July 2, 2010

Greater Threat: KGB or Cartel Spies?

Naturally a cartel hit-man must be treated with a heavy filter. Jesus Ernesto Chavez claims that Lesley Enriquez, a US embassy employee murdered in Juarez, Mexico last March, was no innocent by-stander. US officials ignore his confession that she somehow helped a rival gang obtain US visas. Enriquez reportedly worked a position uninvolved with the process.

Says the AP
, “A U.S. federal official familiar with the investigation said Friday that after the killings, U.S. officials investigated possible corruption involving Enriquez and found none.”

Without being too conspiratorial, this is exactly what US officials would say if a cartel had in fact infiltrated the consulate. Analyzing spy-craft and infiltration demands abnormal skepticism, and in the wake of a Russian spy-ring why would Mexican moles be any different? Government infiltration is one of the cartels’ specialties, it allows them to thrive.

They have a greater need than Russia.

Maybe Enriquez has no connection to any cartel. Chavez has a dozen reasons to lie - but so do US officials. And if not Enriquez why not someone and somewhere else? The cartels have so much money they don’t know what to do with it. While the US government and security forces are harder to turn than their Mexican counterparts, believing America is inscrutably impenetrable would be an arrogant defensive lapse.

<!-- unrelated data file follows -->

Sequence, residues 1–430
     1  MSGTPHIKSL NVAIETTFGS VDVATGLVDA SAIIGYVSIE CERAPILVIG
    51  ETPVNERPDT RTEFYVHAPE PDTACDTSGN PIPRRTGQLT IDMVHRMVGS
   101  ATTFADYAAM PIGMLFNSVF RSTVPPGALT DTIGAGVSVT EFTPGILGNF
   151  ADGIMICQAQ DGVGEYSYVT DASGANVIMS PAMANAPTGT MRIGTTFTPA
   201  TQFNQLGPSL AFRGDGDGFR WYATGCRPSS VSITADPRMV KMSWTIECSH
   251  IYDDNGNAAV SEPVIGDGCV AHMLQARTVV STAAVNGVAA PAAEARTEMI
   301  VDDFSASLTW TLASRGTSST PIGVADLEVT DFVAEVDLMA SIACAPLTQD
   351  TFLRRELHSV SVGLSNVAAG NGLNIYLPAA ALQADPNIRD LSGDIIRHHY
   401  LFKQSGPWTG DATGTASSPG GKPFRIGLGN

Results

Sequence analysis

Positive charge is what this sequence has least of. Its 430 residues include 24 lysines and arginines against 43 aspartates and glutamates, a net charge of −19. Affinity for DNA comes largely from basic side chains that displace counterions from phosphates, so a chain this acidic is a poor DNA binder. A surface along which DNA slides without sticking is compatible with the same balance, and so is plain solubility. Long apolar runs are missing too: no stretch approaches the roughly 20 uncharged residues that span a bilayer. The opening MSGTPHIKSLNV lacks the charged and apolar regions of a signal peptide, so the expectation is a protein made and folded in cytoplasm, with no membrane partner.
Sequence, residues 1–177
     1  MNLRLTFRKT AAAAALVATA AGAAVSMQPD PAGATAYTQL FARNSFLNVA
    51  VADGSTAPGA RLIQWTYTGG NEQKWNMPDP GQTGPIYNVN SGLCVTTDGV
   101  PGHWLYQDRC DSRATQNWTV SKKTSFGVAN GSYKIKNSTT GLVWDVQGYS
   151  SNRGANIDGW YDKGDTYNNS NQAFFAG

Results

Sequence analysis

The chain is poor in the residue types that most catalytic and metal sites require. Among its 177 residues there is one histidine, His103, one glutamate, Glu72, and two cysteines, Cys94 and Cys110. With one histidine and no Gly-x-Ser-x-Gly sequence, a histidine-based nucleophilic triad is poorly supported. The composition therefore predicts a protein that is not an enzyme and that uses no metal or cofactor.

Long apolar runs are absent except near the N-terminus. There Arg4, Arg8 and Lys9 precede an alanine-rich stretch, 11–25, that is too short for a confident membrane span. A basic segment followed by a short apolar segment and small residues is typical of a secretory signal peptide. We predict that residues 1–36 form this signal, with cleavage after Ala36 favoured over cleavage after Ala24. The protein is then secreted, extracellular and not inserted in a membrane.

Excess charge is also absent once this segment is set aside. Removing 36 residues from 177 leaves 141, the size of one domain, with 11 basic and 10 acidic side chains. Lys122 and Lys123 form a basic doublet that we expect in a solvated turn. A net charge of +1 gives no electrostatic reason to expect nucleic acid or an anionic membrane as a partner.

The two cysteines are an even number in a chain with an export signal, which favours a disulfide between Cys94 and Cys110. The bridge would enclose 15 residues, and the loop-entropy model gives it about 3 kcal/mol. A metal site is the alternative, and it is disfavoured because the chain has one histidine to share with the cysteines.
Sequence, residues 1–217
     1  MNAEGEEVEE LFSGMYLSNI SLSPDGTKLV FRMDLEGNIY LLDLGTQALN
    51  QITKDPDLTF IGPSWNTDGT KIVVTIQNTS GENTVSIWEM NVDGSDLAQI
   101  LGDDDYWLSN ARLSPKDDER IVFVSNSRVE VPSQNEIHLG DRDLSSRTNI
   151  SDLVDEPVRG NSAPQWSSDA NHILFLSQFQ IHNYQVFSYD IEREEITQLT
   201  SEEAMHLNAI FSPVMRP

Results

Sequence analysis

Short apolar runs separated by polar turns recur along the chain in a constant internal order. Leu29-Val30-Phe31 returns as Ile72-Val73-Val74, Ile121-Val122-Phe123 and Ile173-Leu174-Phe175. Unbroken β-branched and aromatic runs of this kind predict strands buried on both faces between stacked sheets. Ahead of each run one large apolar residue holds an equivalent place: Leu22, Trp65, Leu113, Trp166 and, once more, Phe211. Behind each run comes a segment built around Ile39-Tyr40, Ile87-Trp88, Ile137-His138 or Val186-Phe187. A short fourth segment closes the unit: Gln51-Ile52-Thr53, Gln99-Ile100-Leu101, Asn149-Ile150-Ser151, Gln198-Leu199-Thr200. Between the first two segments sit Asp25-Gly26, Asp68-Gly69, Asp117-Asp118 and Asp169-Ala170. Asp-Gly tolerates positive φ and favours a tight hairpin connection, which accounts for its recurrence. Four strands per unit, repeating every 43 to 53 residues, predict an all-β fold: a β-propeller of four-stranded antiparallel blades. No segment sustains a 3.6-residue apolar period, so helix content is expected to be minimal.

As President Barack Obama stalls on immigration reform and the cartels continue operating at will, albeit ran by a younger, lesser skilled cadre, no signs suggest the Drug War ravaging the Americas will improve in the near and mid future. The long term outcome won’t be any brighter without the proper political and social response centered on economic programs and public health.

And opportunities for infiltration will persist.

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